“Maybe she was surprised to see a Jew in church,” Kluger responded.
“Why?” Wojtyla asked. “Aren’t we all God’s children?”
Kluger survived the Holocaust and Soviet deportation to a forced labor camp in Siberia, but most of his family perished. He reunited two decades later with Wojtyla, then archbishop of Krakow.
Wojtyla was elected pope in October 1978. At his first papal audience, he received Kluger and his family ahead of 3,000 other guests, leading one Italian newspaper to declare: “Pope Grants First Audience to Hebrew Friend.”
The pope’s views were also shaped by his experiences under Nazi occupation. Jews from Wadowice and Krakow were forced into ghettos, with most eventually dying in massacres or in concentration camps. Meanwhile, Wojtyla had to flee Krakow, where he had been studying linguistics, Polish culture and philosophy at Jagiellonian University. Later, he was required by the Nazis to work in a quarry while he secretly pursued the seminary.
“My priestly vocation took definitive shape . . . against the backdrop of the terrible events taking place all around me in Cracow, Poland, Europe, and the world,” he wrote years later. “I experienced directly only a small part of what my fellow countrymen experienced from 1939 onwards. I think especially of my classmates in Wadowice, close friends, some of whom were Jews.”
After the war, Wojtyla served as a priest in Krakow before advancing through the clerical ranks to become archbishop in 1964. He attended the Second Vatican Council, the gathering of leading Roman Catholic clergy from 1962 to 1965 that, among other things, adopted the famous Nostra Aetate doctrine, which sought to usher in a new relationship with non-Christian religions, particularly Jews.
The council said that “Jewish authorities and those who followed their lead pressed for the death of Christ,” but it added that his death “cannot be charged against all Jews, without distinction, then alive, nor against the Jews of today.” And it said the Church decried anti-Semitism and persecution of Jews. Theologians and religious scholars say that John Paul II acted on those tenets, noting his visit to the Great Synagogue of Rome in 1986 and his remarks before Chief Rabbi Elio Toaff.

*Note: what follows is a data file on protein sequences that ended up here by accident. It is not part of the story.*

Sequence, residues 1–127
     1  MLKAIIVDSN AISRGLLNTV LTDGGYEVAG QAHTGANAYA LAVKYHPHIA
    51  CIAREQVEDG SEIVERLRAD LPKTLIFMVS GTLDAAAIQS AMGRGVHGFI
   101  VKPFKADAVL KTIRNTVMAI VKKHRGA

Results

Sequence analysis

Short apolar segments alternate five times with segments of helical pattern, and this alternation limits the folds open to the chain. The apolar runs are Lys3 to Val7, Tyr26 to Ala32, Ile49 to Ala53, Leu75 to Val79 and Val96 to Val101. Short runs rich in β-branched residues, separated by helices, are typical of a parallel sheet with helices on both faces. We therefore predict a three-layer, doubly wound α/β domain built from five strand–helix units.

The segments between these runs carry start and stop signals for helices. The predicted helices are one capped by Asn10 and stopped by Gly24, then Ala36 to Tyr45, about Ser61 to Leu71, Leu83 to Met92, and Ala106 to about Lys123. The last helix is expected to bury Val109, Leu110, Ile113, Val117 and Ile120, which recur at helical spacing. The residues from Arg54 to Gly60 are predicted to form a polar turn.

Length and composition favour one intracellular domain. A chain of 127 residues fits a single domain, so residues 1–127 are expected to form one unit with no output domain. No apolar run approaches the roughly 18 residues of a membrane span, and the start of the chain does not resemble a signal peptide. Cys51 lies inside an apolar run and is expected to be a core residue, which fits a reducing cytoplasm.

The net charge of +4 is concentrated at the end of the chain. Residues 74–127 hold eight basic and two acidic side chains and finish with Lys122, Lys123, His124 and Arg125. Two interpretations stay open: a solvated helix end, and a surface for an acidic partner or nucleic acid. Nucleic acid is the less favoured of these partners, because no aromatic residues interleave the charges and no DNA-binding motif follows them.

“With Judaism we have a relationship which we do not have with any other religion,” the pope said. “You are our dearly beloved brothers, and in a certain way, it could be said that you are our elder brothers.”
The exhibit’s creators also note John Paul II’s expressions of sorrow over the Holocaust and his bridge-building efforts, including one on the 50th anniversary of the Warsaw Ghetto uprising. In a letter written upon the occasion, he pointed out the similarities between the two faiths -- using words that would provide the name for the Skirball exhibit.
“As Christians and Jews, following the example of the faith of Abraham, we are called to be a blessing for the world,” he wrote. “This is the common task awaiting us. It is therefore necessary for us, Christians and Jews, to be first a blessing to one another.”
“A Blessing to One Another” will be at the Skirball Cultural Center, 2701 N. Sepulveda Blvd., Los Angeles, through Jan. 4.